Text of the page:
Mean sea level is an average surface level of one or more among Earth's coastal bodies of water from which heights such as elevation may be measured. The global MSL is a type of vertical datum – a standardised geodetic datum – that is used, for example, as a chart datum in cartography and marine navigation, or, in aviation, as the standard sea level at which atmospheric pressure is measured to calibrate altitude and, consequently, aircraft flight levels. A common and relatively straightforward mean sea-level standard is instead the midpoint between a mean low and mean high tide at a particular location.
A stream gauge, streamgage or stream gauging station is a location used by hydrologists or environmental scientists to monitor and test terrestrial bodies of water. Hydrometric measurements of water level surface elevation ("stage") and/or volumetric discharge (flow) are generally taken and observations of biota and water quality may also be made. The locations of gauging stations are often found on topographical maps. Some gauging stations are highly automated and may include telemetry capability transmitted to a central data logging facility.
A storm surge, storm flood, tidal surge, or storm tide is a coastal flood or tsunami-like phenomenon of rising water commonly associated with low-pressure weather systems, such as cyclones. It is measured as the rise in water level above the normal tidal level, and does not include waves.
Bathymetry is the study of underwater depth of ocean floors, lake floors, or river floors. In other words, bathymetry is the underwater equivalent to hypsometry or topography. The first recorded evidence of water depth measurements are from Ancient Egypt over 3000 years ago. Bathymetric charts, are typically produced to support safety of surface or sub-surface navigation, and usually show seafloor relief or terrain as contour lines and selected depths (soundings), and typically also provide surface navigational information. Bathymetric maps may also use a Digital Terrain Model and artificial illumination techniques to illustrate the depths being portrayed. The global bathymetry is sometimes combined with topography data to yield a global relief model. Paleobathymetry is the study of past underwater depths.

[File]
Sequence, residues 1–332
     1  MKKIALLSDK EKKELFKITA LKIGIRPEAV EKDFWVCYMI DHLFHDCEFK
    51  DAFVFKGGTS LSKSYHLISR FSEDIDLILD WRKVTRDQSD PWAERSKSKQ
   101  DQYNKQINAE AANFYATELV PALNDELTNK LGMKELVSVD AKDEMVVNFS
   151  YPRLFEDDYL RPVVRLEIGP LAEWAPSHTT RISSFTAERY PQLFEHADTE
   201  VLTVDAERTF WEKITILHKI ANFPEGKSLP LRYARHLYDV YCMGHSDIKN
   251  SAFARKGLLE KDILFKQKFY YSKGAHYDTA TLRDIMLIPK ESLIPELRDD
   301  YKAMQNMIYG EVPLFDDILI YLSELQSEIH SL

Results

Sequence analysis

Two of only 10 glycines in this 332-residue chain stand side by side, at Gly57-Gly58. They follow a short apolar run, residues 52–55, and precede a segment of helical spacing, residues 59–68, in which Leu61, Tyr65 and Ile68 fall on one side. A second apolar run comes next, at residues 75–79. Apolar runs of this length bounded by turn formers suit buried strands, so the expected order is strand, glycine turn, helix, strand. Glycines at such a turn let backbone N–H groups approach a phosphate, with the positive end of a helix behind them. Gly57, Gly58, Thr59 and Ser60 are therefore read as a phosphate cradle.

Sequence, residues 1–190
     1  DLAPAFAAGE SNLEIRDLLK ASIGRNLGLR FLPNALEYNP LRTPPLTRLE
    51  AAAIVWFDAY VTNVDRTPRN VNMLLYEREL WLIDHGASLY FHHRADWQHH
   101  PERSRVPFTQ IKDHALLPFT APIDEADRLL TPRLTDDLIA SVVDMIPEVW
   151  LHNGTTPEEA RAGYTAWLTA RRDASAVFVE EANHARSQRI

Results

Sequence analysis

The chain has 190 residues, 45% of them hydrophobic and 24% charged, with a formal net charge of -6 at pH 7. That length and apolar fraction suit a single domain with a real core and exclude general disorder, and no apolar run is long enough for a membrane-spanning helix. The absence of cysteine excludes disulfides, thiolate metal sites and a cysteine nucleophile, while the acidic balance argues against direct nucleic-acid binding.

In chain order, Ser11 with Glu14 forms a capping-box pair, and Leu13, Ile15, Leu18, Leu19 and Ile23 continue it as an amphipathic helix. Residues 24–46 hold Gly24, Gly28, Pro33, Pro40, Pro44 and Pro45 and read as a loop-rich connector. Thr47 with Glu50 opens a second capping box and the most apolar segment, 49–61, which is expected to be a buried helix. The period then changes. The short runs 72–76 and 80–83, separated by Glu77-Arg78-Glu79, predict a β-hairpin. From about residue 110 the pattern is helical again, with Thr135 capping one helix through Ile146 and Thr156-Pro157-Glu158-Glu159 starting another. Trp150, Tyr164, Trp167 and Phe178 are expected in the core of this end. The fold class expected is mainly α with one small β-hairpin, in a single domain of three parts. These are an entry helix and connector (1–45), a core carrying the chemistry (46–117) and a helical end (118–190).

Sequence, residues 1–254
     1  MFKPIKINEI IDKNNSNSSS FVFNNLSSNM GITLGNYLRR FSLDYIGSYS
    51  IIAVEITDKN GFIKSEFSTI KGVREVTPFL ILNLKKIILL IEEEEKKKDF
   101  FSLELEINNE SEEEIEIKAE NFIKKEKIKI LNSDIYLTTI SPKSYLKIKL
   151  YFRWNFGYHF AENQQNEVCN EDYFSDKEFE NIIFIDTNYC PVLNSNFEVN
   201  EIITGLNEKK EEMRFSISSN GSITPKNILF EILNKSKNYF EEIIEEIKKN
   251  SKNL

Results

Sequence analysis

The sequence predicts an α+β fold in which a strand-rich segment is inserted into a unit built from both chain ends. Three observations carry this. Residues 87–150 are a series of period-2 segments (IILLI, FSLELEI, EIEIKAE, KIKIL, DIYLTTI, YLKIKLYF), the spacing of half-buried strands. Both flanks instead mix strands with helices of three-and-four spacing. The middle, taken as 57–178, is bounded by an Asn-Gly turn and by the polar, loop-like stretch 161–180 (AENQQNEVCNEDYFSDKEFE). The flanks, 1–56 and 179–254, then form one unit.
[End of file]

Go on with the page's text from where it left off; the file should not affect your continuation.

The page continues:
A tsunami warning system (TWS) is used to detect tsunamis in advance and issue the warnings to prevent loss of life and damage to property. It is made up of two equally important components: a network of sensors to detect tsunamis and a communications infrastructure to issue timely alarms to permit evacuation of the coastal areas. There are two distinct types of tsunami warning systems: international and regional. When operating, seismic alerts are used to instigate the watches and warnings; then, data from observed sea level height are used to verify the existence of a tsunami. Other systems have been proposed to augment the warning procedures; for example, it has been suggested that the duration and frequency content of t-wave energy is indicative of an earthquake's tsunami potential.
Deep-ocean Assessment and Reporting of Tsunamis (DART) is a component of an enhanced tsunami warning system.
Established in 1985, The Global Sea Level Observing System (GLOSS) is an Intergovernmental Oceanographic Commission program whose purpose is to measure sea level globally for long-term climate change studies. The program's purpose has changed since the 2004 Indian Ocean earthquake and the program now collects real time measurements of sea level. The project is currently upgrading the over 290 stations it currently runs, so that they can send real time data via satellite to newly set up national tsunami centres. They are also fitting the stations with solar panels so they can continue to operate even if the mains power supply is interrupted by severe weather. The Global Sea Level Observing System does not compete with Deep-ocean Assessment and Reporting of Tsunamis as most GLOSS transducers are located close to land masses while DART's transducers are far out in the ocean.